********I have been teaching this past month at IBEI, now four years old, and a democratic and cosmpolitan international studies school, set off by contrast with the onetime Palafox School at Zaragoza, a then instrument of fascism. There are many striking, fresh starts in Spain, and IBEI is one.

*******As Raphael Minder put it in the New York Times, June 8, 2010 in “Spanish Judge says his fight for human rights will endure:: ”Mr. Garzón was indicted last April by Judge Luciano Varela for allegedly overstepping his authority and ignoring a 1977 general amnesty that covers crimes perpetrated during the Spanish Civil War. In October 2008, Mr. Garzón had launched a politically sensitive investigation into tens of thousands of deaths and disappearances during the war and the ensuing dictatorship of Franco.”

Should there be amnesty, for example, for kidnapping, such that birth parents can never locate their stolen children? Even in a heavily pro-fascist atmosphere (the high judicial institutions, notably Prosecutor Zaragoza), it is surprising that Garzon could not investigate the question – obtain the facts – and is being charged with attempting to.

“The controversy over his jurisdiction had already forced Mr. Garzón to abandon the investigation within a month, but legal action was still taken against him by far-right activists. Mr. Varella’s decision was then upheld a month later by the body that oversees Spain’s judiciary, which decided to suspend Mr. Garzón pending his trial.”

Note the characterization of this case: an action taken “by far-right activists” and extended or ratified by a “court.” It would be useful for Spaniards to trace the aetiology of this and to fight this stranglehold of fascism on the judiciary.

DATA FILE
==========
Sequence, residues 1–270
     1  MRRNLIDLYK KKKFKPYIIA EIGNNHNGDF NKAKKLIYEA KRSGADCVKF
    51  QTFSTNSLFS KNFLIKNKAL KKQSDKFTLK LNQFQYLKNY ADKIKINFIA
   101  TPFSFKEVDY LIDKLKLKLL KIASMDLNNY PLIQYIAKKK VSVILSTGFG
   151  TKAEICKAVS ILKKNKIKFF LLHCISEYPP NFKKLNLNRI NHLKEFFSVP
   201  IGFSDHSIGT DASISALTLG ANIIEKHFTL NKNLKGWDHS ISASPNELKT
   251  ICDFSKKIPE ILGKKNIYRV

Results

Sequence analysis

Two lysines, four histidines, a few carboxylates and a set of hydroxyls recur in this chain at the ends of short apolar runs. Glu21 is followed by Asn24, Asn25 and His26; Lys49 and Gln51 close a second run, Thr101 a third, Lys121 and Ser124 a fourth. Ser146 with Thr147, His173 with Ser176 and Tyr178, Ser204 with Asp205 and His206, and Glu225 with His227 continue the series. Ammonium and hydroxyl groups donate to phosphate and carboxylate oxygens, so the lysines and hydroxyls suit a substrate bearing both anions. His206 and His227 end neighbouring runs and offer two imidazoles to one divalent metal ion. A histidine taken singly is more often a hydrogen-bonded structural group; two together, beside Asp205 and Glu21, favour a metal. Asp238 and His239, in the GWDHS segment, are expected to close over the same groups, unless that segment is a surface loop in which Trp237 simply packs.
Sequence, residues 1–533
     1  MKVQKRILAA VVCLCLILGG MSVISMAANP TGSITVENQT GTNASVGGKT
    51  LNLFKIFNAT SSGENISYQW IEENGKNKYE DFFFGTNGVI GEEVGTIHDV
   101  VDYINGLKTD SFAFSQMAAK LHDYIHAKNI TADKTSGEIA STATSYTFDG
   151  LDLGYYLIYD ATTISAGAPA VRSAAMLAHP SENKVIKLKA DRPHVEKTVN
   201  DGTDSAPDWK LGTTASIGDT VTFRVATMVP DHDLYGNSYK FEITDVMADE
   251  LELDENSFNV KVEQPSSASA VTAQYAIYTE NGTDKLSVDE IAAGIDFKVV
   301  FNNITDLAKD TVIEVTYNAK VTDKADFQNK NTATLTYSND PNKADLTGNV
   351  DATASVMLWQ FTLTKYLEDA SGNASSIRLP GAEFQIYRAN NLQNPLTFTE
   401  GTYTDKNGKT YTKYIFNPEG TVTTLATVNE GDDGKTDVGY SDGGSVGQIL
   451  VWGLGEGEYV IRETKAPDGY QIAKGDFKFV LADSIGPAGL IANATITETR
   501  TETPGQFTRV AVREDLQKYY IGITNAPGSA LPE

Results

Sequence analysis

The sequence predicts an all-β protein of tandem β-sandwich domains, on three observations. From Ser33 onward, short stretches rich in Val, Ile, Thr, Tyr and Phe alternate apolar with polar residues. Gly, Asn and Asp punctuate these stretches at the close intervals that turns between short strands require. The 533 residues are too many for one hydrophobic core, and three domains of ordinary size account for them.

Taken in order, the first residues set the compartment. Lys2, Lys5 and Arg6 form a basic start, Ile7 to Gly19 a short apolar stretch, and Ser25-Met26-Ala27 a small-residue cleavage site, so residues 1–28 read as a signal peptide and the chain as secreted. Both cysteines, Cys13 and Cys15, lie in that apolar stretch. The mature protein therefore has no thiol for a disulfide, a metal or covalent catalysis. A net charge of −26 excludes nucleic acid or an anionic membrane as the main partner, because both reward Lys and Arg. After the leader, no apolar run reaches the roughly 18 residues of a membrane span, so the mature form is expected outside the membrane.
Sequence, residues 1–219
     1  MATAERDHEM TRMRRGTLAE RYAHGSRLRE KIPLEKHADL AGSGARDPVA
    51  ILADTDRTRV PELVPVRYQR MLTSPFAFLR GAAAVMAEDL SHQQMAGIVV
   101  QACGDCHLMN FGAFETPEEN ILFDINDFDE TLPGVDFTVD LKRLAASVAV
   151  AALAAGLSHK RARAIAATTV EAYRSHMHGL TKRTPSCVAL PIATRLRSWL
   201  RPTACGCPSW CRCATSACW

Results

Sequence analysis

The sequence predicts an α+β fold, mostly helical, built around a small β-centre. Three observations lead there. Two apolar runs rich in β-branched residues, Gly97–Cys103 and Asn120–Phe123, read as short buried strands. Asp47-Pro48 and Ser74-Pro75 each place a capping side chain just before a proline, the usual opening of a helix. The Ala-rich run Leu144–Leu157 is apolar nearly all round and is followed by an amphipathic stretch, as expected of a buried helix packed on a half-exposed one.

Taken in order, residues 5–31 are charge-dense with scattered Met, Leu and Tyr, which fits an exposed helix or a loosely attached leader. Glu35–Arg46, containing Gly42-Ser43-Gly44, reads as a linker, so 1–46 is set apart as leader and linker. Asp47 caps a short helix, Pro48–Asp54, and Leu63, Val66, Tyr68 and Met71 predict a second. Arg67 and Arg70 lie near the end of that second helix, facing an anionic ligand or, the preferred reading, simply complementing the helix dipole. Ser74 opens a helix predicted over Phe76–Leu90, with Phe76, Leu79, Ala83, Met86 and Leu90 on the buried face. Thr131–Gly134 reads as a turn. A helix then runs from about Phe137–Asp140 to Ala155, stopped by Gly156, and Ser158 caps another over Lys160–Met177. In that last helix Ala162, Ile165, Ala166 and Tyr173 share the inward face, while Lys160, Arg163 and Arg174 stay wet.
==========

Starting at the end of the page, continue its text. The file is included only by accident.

“His suspension on May 14 marked an abrupt role reversal for Mr. Garzón, who established his reputation as an international defender of human rights by making extensive use of Spain’s doctrine of universal jurisdiction, which opens the door to prosecution within Spain of crimes committed outside the country. On the domestic front, meanwhile, he also fought against political corruption, as well as violence perpetrated by ETA, the Basque separatist group.”

Judge Garzon responded aptly:

“`I believe the seeds have been sown, despite the possible contradictions of a country that investigates outside but cannot now investigate inside,’”

“`The principle of universal jurisdiction has in fact germinated and is a conquest that cannot be lost and will not be lost…However, as always happens with international justice, it’s about two steps forward, then one step back, then one forward and then two back — so we advance with a lot of difficulties. Why? Because there are a lot of interests at play — judicial as well as political and diplomatic.’”